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Effects And Causes Of Employee Turnover

1533 words - 7 pages

EFFECTS AND CAUSES OF EMPLOYEE TURNOVER INTRODUCTION “Employee turnover is the ration of organizational members who have left during the period being considered divided by the average number of people in that organization "Price 1977. “A company's greatest asset is not its financials, buildings, equipment or services- a company's most important asset is its employees”. (Susan Kaplan-Williams) Employees are company’s intellectual capital. They not only bring their skills and talents, they also bring ideas, creativity, innovation, commitment and desire to learn. They are self-motivated even before they begin working for an organization. That motivation stems from the need to provide a home, ...view middle of the document...

It is therefore should be every organization’s strategic goal to retain and take care of its most important asset “its employees. There are substantial variations in turnover levels for different industries. In retailing around 19 per 100 employees leave each year, whilst in hotels, restaurants and pubs this figure is around 38 per 100 employees (Cully, 1999). Equally, this will also affect the judgment of your potential investors. Organizations have continued to ignore this fact and are now finding themselves losing their skilled and talented employees to other organizations or their competitors.

LITERATURE REVIEW “Frequently managers refer turnover as the entire process associated with filling a vacancy: Each time a position is vacated, either voluntarily or involuntarily, a new employee must be hired and trained. This replacement cycle is known as turn over "Woods 1995. Organizations with poor working conditions, undesirable jobs, wage and salary inequities and restricted opportunities for advancement can predict a high level of labour turnover, (Raymond 1995). Organizational stability has been shown to have a high degree of correlation with low turnover. Indications are that employees are more likely to stay when there is a predictable work environment (Zuber, 2001). Likewise, the inverse of the relationship has also been found to be true. In organizations where there was a high level of inefficiency there was also a high level of staff turnover (Alexander et al, 1994). Potential negative consequences of employee turnover include operational disruption, demoralization, negative public relations, personnel costs, strategic (Beam, 2009).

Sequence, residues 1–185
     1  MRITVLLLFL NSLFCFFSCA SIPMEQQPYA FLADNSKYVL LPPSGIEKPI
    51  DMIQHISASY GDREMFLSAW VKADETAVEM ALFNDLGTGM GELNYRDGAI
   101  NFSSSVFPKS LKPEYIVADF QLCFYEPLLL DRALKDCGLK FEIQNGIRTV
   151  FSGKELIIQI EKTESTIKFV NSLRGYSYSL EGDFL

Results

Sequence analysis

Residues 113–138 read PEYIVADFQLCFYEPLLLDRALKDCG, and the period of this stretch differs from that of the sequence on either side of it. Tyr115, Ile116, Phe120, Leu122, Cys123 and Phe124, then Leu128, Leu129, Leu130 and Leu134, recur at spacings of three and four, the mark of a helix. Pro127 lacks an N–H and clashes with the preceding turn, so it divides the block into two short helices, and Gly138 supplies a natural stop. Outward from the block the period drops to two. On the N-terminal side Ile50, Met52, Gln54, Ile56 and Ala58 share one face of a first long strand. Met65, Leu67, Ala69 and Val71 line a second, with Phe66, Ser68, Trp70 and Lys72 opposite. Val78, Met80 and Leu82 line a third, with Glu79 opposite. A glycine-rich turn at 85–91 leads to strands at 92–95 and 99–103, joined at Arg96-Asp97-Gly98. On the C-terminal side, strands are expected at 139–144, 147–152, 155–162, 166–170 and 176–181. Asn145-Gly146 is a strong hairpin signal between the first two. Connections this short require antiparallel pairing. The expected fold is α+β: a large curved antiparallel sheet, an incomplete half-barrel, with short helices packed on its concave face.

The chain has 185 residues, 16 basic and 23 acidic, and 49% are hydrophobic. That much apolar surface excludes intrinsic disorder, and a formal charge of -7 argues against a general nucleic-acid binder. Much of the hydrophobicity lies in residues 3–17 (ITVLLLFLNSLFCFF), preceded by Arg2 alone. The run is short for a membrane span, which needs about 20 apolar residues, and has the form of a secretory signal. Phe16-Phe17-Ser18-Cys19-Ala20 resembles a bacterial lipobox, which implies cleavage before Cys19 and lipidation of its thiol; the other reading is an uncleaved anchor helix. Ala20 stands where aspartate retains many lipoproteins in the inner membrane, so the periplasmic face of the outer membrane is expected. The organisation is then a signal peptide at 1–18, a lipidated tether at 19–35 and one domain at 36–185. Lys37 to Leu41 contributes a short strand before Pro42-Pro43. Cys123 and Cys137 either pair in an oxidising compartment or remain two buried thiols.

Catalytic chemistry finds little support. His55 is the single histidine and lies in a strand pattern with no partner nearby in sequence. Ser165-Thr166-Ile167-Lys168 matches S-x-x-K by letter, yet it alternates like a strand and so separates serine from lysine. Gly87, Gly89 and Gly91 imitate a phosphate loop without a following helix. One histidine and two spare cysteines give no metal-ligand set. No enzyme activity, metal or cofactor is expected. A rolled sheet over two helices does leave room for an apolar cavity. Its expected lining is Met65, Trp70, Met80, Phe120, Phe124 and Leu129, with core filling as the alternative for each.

Companies incur direct and indirect expenses, which include the cost of advertising, headhunting fees, human resource costs, loss of productivity, new hire training, and customer retention, every time they have to replace an employee. These expenses can add up to anywhere from 30 to 200 percent of a single employee's annual wages or salary, depending on the industry and the job role being filled. (Beam, 2009). "While lower paying job roles experience an overall higher average of employee turnover, they tend to cost companies less per replacement employee than do higher paying job roles. However, they incur the cost more often. For these reasons, most companies focus on employee retention strategies regardless of pay levels." (Beam, 2009). While many leading companies place more effort in employee retention, most are clueless. They accept employee turnover as a normal part of doing business. High turnover organizations spend a substantial amount of resources on recruiting and replacing their workforce, while smart organizations invest in employee retention. Research has shown that it is getting more difficult to attract and keep the right employees. Many businesses and industries are desperate to find ways of finding and retaining employee with the right skills and attitude. “There is going to be...

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